Optimal Taxation and Optimal Tax Systems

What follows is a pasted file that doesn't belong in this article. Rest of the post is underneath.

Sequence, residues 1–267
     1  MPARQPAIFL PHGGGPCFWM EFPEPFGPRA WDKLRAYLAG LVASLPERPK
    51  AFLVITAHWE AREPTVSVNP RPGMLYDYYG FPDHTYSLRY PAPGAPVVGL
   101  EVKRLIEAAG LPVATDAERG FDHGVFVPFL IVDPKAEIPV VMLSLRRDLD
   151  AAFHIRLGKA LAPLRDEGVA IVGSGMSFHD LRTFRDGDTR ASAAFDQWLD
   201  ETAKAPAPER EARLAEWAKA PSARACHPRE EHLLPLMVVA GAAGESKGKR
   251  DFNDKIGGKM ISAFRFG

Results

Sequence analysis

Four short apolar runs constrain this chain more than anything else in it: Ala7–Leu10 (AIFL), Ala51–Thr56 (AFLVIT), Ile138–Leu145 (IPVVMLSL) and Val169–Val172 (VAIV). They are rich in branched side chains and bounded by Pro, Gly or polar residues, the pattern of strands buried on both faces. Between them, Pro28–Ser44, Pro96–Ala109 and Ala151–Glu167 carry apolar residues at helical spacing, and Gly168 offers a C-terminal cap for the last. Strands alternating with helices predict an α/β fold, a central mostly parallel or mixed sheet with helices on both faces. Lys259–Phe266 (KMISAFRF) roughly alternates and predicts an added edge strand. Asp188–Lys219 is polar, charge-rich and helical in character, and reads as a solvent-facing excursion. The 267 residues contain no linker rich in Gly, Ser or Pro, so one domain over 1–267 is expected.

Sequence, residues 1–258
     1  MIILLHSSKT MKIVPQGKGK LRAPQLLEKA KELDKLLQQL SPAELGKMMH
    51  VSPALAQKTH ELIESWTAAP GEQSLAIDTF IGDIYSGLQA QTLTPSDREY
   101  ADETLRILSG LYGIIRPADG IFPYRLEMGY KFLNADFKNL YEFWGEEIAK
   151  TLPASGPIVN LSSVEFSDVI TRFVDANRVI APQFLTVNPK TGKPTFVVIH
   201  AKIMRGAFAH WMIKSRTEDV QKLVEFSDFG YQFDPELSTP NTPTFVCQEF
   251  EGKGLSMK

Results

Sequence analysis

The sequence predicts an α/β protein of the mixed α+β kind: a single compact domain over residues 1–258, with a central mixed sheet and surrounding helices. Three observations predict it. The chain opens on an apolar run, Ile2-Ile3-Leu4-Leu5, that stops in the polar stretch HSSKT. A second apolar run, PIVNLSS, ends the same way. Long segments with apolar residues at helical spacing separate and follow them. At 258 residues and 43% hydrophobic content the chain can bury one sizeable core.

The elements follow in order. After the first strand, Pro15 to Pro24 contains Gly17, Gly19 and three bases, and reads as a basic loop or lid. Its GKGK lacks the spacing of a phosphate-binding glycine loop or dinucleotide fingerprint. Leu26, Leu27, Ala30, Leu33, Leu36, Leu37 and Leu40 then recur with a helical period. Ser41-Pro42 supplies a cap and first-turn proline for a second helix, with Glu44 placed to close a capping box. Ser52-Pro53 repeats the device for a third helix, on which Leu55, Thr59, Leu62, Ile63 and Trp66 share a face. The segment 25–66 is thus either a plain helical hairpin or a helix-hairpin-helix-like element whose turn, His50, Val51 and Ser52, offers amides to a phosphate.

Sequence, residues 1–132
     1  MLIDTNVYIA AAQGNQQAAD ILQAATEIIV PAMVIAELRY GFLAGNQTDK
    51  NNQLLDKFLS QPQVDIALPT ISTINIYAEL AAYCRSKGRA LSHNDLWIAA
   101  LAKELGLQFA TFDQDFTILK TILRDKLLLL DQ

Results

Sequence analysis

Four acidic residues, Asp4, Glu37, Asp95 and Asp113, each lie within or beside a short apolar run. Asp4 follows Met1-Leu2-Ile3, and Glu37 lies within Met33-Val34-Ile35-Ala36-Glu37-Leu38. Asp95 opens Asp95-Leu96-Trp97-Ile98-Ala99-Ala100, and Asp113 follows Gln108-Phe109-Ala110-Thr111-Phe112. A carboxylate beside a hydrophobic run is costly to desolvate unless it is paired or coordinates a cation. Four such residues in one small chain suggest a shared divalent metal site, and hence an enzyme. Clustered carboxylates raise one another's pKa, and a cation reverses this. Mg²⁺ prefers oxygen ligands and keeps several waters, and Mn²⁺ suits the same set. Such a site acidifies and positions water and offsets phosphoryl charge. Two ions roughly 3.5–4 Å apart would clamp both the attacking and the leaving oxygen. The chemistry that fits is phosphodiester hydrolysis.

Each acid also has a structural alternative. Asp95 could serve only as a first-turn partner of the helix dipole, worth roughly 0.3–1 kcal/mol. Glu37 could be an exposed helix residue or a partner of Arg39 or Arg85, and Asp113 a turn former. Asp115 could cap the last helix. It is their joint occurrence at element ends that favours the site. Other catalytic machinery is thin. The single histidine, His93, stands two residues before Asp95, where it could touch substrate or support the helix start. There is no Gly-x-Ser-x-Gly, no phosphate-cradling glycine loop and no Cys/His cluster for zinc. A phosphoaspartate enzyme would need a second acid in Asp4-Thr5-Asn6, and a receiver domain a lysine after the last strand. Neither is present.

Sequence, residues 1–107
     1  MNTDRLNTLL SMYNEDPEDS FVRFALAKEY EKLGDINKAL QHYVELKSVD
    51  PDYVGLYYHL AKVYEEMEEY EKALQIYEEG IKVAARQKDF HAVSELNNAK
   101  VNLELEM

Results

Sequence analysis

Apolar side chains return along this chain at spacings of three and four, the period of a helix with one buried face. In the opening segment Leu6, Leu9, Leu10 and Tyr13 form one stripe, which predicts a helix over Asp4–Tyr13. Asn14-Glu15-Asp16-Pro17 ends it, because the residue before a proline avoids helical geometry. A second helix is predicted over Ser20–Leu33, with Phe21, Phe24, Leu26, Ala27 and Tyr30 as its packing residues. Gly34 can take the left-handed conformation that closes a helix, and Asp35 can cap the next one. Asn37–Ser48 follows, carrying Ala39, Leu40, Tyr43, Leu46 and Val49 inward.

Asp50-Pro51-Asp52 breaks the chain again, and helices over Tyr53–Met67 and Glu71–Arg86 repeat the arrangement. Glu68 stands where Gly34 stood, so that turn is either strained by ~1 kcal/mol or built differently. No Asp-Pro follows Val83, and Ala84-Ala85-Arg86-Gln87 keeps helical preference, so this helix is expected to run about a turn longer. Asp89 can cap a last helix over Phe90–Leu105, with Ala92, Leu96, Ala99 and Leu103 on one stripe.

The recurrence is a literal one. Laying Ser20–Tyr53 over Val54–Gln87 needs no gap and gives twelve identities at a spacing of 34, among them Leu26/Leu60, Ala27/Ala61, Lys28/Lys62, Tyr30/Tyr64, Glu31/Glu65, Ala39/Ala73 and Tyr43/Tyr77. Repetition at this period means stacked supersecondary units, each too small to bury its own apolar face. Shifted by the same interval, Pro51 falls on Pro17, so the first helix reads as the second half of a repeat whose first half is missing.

The theory of optimal taxation has , for the pas two decades , been the reigning normative approach of taxation. This paper argues that , in its current state, optimal tax theory is incomplete as a guide to action concerning many critical issues in tax policy. It is incomplete because it has not yet come to terms with taxation as a system of coercively collecting revenues from individuals who will tend to resist. The coercive nature of collection taxes implies that the resource cost of implementing a tax system have been and will continue to be a critical determinant of appropriate tax policy. The paper first presents the three cornerstone propositions of optimal tax theory, and then it discusses the influence of these propositions on recent tax policy developments. It concludes by sketching an alternative to optimal taxation, called the theory of optimal tax systems, which embraces the insights of optimal taxation but also considers the technology of raising taxes and the constraints placed upon tax policy by that technology. The optimal tax systems perspective is shown to shed light on the choice of tax instruments, the problem of tax evasion, and the appropriate tax treatment of capital income.